Here’s the old spoiler disclaimer for you. I will be touching on particulars of the plot. They’re enough for you to piece it all together. My whole intention is to still make this a relevant post for someone who has seen the movie or allow enough to be revealed to entice you to watch it or convince you that it isn’t for you. Spoilers ahead.

(Source: Bad Robot Productions)

“You don’t rob a bank when the getaway car has a flat tire.”

That’s a direct quote from the movie that I feel unintentionally becomes a challenge for each undertaking that the actual movie plot takes on as well. There’s a latent, present threat as soon as you start watching Star Trek Into Darkness. One is whether the Kirk and the rest of the crew of the Enterprise will overcome the odds neatly stacked against them. The other, is whether the movie delivers a satisfying resolution to each challenge that present itself.

Let me say I enjoyed the first of J. J. Abrams’ offerings. His reboot of Star Trek was more visceral and dynamic to a formula that might have been suffering from getting lost in contemplation. The main challenge is that Star Trek movies for the most part bring out an intellectual theorist out of me. There’s an insurmountable problem that you can’t solve by brute force alone, you come up with a strategy based on your limited resources.

The problem is the storyline hampers that troubleshooting by relying too much on brute force and blind luck alone. The car doesn’t have a flat tire, but the carburator is acting up. That kind of leaves behind us star trek couch tacticians at times. There are brilliant solutions to more than a few issues. More than enough to keep me in the theater. There are also great moments. But the movie also falls back onto the blatant overuse of cliches from the previous generation of Star Trek movies for the sake of… well, one might call it a homage. I’m not sure. One thing is to let the fans recognize a familiar setting and another to realize that we’re just recycling exactly the same scene.

Benedict Cumberbatch’s John Harrison is brilliant, scary, powerful and charismatic. Most of the audience will be swayed by his devotion to what he believes true and his demeanor without mentioning he’s both mentally and physically imposing to everyone around him. It becomes very obvious from the start he’s going to be a problem to Starfleet. The speculation of his true identity ran rampant online enough for everyone to be exposed to it. But when the big reveal comes… it’s too soon. No suspense precedes it. You’re supposed to be shocked by who he is – and I wanted to be, but the movie didn’t build up to it. Opportunity lost.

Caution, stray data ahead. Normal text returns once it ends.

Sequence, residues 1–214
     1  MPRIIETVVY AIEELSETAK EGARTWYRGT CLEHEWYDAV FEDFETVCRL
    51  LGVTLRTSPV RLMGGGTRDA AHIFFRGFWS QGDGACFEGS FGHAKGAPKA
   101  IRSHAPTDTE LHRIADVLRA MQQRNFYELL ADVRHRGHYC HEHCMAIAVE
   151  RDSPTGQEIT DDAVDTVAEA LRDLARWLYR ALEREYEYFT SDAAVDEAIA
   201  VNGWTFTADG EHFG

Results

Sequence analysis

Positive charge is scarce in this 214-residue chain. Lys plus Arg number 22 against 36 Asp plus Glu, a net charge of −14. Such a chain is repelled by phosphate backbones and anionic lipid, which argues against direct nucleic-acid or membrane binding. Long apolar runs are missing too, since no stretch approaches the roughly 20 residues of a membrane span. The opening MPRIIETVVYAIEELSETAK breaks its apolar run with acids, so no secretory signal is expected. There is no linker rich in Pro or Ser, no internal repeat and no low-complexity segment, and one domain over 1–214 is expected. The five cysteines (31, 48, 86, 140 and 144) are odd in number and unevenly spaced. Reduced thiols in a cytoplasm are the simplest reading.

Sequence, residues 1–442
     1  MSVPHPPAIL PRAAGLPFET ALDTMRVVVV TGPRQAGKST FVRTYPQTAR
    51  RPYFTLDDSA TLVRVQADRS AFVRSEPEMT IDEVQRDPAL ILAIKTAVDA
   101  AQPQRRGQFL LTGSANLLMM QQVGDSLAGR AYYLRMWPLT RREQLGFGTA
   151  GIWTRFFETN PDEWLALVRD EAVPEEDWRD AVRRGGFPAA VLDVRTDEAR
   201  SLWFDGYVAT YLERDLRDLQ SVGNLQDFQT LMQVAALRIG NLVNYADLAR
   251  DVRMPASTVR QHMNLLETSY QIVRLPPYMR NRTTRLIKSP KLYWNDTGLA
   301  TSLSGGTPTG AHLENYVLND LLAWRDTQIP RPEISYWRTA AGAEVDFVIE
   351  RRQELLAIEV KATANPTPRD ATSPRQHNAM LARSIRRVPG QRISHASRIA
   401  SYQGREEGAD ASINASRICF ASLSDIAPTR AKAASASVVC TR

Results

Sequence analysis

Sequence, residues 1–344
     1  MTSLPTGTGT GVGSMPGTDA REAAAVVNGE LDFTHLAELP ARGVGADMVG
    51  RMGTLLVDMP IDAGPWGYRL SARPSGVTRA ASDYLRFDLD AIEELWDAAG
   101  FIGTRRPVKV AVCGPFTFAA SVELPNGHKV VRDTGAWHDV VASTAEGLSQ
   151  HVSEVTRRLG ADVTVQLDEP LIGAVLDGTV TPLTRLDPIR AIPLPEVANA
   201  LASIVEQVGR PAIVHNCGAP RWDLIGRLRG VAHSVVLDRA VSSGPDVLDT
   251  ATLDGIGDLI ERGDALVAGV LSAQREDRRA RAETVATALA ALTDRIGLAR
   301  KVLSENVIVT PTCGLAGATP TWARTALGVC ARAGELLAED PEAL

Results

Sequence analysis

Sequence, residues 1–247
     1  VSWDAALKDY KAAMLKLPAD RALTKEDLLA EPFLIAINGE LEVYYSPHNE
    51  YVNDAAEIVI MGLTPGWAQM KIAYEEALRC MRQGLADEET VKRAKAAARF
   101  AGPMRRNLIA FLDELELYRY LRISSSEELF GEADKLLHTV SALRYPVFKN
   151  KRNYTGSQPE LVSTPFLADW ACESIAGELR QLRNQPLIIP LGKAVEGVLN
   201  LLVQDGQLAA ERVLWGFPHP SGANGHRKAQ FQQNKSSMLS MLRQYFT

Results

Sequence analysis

(Source: Bad Robot Productions)

I’d prefer it if you had showed me the characters looking at a computer screen while some hacking was going on – a progress bar, the music building up… and the name showing up in the screen. Or better yet, don’t mention it at all throughout the movie and just reveal it at the end.

Unfortunately the real reason it’s revealed is for one of the characters to scream the name later on. If you hadn’t figure it by now, I know that just gave it away. The scene is one that you’ll recognize the moment it’s set up and it’s taken from one of the classic Star Trek films. It’s more elaborated and fancy but it still feels more like a rip off than a tribute. Ok, Spock sees this terrible thing has happen. He has an emotional outburst. Why would he call out the name of someone that is not directly involved with this scene?

Why not build up to it? Have the other guy (who we haven’t seen in screen for a good twenty minutes) patch in through intercom or whatever. Have him taunt the crew of the Enterprise. Then it will make some sense.

I see how J. J. Abrams has tried to make a tribute to the old Star Trek universe here, but the movie starts out with a promise that is not quite fulfilled. One thing is for your characters to try something old, a different one is to literally lift a scene from another film.

I can’t tell you not to watch this movie though. It’s almost a fan’s duty to pick his favorite franchises apart. I can still recommend it and say there things here that have to be seen for both new fans and old fans alike. Old fans will have to put up with a bit of movie plagiarism, specially close to the ending. It’s a shame because a couple of changes could have made them a little more easy to digest.

Recommended with reservations and a big warning. You have already seen spoilers for this movie.